Here’s the first few chapters of the absurd Manual of Young Manners. Before the Correlation-era obsession with regarding every action as a sign of some spiritual essence, there was character, sense, breeding, grace, and, certainly, mannerliness to be manifest in one’s adherence to elaborate, and endlessly revised rules. In short, a way to show economic and cultural class.
The key, of course, is that those who “have it” get to set the rules, identify those with and those lacking, and ensure that their children, trained in the home through a sort of charm school appreticeship in upper-middle class gestures, not only know the rules, but also can enact them. In that asymmetry — only a few can enact, while a great many know the rules, especially when explicit publication is given to their elaboration — a class divide, to borrow from Bourdieu, becomes a ‘spiritual’ or ‘cultural’ one.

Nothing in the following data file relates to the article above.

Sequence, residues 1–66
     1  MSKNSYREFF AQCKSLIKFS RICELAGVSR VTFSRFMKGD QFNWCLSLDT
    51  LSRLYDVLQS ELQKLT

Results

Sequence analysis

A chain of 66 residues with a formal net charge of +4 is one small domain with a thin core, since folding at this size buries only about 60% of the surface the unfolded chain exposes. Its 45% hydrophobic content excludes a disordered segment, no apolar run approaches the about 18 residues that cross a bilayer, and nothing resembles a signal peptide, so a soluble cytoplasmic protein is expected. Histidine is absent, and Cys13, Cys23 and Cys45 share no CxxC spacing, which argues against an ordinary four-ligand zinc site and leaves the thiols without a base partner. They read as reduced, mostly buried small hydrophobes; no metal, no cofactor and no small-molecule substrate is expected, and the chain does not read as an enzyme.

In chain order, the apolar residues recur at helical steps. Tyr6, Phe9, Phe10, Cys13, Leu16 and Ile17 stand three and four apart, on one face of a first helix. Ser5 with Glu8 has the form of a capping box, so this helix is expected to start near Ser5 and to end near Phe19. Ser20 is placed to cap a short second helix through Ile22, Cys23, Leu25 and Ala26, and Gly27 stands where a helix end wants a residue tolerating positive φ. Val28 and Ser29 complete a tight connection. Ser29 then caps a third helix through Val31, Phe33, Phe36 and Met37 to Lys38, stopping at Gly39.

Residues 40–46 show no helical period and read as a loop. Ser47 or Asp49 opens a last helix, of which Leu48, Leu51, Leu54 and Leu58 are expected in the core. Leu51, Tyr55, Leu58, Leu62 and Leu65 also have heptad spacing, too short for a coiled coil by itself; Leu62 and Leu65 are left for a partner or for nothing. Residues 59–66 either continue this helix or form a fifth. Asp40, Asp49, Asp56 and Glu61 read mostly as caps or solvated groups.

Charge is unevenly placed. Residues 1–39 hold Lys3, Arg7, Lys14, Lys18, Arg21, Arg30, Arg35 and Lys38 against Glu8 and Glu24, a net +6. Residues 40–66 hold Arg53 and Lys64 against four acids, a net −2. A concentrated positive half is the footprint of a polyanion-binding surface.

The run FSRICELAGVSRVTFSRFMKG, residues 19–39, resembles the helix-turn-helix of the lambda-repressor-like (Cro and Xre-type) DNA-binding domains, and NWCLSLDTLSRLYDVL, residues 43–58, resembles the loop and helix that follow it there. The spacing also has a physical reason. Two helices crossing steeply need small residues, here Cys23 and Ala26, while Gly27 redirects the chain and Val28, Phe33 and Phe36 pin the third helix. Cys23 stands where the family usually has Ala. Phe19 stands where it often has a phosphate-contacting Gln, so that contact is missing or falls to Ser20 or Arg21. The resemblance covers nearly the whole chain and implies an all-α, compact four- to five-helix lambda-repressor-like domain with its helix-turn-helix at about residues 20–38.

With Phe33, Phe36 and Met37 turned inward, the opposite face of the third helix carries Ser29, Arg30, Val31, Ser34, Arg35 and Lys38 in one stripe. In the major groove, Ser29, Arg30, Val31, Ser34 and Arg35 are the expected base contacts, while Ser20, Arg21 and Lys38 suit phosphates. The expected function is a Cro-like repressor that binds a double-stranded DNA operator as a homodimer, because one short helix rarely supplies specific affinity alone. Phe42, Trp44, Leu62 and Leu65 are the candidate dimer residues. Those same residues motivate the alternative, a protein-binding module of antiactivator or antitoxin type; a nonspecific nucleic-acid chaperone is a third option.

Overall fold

In this installment we see how explicit dictation of certain rules — gum chewing, hair attention, and so on — gave the Youth, in particular those from upper-middle class families, a ready-made rebellion; and a way to identify with “our generation” in opposition to the older phonies. Even those kids never taught in the niceties of social intercourse with one’s betters could hereafter identify when a dude was acting “mannerly” rather than simply decent. That is to say, by distributing the rules through manuals like this one, the Establishment made it possible for actions once regarded as more-or-less natural to become a sign of one’s adherence to explicit rules set out in a book. Now “being a phony” becomes as much a reality as “being mannerly”.
That a Manual was necessary to teach these sorts of correct comportment, addressing of elders, and hand-management is a sign that an explosive youth movement was about to drop on the Church.